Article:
Better communication needed

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Better communication needed

South Korea held the fourth strategic dialogue with China in Seoul yesterday. It was the first meeting between the two governments since the sudden death of North Korean leader Kim Jong-il, and the two sides discussed the current situation on the Korean Peninsula and other important issues. Though the meeting is part of an annual strategic dialogue between Seoul and Beijing, it carries great significance in the sense that high-level officials - vice foreign ministers from both sides - exchanged their views on the post-Kim Jong-il era at a sensitive moment - a day before Pyongyang holds a funeral for the North Korean leader.

In the meeting, both sides agreed that stabilization of the Korean Peninsula is the most important thing to maintain peace in the region, and they consented to strengthen strategic communication between Seoul and Beijing. The agreement is part of an effort to make another step toward a more mature relationship before the 20th anniversary in 2012 of their diplomatic relationship. South Korea’s Ministry of Foreign Affairs and Trade said that there was no disagreement on the need to increase communication with each other when necessary.

Immediately after the news about Kim Jong-il’s death, President Lee Myung-bak had telephone conversations with heads of the United States, Japan and Russia - three major powers surrounding the Korean Peninsula - but not with his Chinese counterpart, Hu Jintao, who is a pivotal player in the affairs of the peninsula.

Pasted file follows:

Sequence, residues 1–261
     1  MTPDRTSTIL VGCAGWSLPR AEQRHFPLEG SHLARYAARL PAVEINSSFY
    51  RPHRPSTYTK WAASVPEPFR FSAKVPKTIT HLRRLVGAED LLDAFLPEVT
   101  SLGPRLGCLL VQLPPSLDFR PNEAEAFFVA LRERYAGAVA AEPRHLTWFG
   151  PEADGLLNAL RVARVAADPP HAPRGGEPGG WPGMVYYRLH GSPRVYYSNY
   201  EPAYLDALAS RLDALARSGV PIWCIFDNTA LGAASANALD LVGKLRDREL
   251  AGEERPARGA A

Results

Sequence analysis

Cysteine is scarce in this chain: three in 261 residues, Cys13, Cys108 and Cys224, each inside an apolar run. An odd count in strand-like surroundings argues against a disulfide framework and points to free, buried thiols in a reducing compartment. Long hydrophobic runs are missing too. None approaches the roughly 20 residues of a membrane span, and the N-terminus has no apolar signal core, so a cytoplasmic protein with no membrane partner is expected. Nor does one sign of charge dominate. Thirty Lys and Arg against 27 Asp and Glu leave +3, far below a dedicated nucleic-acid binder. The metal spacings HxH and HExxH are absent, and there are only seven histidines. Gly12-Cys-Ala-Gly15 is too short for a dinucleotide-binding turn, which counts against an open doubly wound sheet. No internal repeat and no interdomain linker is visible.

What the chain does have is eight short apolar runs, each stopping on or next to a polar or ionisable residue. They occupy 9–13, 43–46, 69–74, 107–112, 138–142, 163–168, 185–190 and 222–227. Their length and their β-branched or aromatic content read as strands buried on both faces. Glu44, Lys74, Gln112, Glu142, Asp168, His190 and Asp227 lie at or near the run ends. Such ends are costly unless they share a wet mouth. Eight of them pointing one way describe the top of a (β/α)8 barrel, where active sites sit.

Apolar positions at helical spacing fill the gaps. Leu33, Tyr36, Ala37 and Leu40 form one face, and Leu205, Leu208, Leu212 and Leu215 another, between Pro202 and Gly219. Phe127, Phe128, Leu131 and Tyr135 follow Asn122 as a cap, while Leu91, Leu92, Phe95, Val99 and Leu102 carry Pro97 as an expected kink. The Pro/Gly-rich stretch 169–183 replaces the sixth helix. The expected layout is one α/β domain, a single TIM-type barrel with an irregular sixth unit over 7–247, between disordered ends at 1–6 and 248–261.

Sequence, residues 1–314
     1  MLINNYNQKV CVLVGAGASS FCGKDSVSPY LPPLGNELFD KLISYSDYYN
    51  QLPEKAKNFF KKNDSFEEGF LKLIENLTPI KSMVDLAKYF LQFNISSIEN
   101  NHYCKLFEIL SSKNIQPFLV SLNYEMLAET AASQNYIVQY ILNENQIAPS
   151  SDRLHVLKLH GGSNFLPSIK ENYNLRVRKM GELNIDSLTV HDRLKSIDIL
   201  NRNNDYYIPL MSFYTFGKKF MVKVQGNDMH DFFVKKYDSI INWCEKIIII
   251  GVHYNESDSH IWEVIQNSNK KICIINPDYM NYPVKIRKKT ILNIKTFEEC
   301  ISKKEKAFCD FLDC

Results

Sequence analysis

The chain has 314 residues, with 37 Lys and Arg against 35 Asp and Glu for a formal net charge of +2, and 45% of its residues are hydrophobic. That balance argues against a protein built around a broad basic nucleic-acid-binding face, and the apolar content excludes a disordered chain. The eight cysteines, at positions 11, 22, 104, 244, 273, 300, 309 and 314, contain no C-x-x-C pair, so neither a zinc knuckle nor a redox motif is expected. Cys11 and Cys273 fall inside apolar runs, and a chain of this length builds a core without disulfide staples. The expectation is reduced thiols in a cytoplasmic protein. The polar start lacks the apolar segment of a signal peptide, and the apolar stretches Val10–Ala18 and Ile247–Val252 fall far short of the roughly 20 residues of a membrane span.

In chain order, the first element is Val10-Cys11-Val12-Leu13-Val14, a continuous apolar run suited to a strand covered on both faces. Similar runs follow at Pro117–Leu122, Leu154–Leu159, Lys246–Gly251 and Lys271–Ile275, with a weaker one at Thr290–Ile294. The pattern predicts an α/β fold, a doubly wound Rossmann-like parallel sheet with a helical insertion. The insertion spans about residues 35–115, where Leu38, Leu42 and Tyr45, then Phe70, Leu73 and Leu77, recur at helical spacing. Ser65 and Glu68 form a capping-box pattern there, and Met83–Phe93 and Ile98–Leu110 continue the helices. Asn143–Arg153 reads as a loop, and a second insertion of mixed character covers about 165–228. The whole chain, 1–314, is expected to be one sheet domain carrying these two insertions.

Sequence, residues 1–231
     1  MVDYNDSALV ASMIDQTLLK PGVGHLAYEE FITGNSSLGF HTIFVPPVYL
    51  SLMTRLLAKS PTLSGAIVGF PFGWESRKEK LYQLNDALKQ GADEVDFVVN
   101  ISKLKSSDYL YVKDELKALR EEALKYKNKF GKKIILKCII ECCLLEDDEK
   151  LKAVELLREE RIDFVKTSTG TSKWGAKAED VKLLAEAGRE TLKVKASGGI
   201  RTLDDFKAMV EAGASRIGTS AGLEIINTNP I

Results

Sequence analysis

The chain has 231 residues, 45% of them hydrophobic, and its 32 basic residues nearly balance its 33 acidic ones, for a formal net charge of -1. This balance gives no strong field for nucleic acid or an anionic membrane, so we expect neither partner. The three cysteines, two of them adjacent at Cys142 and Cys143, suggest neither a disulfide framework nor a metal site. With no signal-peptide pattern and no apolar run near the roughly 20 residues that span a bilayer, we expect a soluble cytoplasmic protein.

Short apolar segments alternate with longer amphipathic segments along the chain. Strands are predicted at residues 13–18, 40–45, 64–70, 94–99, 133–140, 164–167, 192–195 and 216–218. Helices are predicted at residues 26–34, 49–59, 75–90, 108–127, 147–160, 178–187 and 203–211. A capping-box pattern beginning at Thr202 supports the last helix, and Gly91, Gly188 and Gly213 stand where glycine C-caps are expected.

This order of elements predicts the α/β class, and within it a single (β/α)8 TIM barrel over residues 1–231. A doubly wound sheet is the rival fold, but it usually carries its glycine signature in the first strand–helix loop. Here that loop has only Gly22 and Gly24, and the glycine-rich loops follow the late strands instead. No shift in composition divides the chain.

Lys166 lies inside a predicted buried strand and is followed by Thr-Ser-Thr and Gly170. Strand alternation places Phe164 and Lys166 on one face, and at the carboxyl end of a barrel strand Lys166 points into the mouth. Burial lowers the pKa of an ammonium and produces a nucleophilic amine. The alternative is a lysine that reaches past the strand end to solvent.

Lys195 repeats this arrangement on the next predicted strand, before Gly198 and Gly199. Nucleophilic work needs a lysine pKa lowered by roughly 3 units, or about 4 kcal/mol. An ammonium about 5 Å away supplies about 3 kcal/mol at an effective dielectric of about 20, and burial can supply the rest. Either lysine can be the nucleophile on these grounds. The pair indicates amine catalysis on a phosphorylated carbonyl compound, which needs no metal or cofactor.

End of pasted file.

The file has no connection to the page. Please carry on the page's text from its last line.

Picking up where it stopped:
The South Korean government’s decision to augment strategic communication with China looks like a reflection of a lot of public concern and criticism. The two countries’ bilateral relations were elevated to a “strategic cooperative partnership” in 2008, 16 years after the normalization of diplomatic ties. A controversy over the lack of effective communication channels between two heads of state, however, is clear evidence that both sides have a long way to go until they reach the strategic partnership level as proudly declared three years ago.

No one denies the significance of peace and stability on the Korean Peninsula, particularly in the post-Kim era. At the moment, it seems that China is helping spearhead the effort to stabilize the nascent Kim Jong-un regime with the rest of the major powers going along with it. But that should not only mean that China support North Korea blindly. More important is the country’s ability to lead its rouge client state into a better future. Communication between Seoul and Beijing should be concentrated on that idea.
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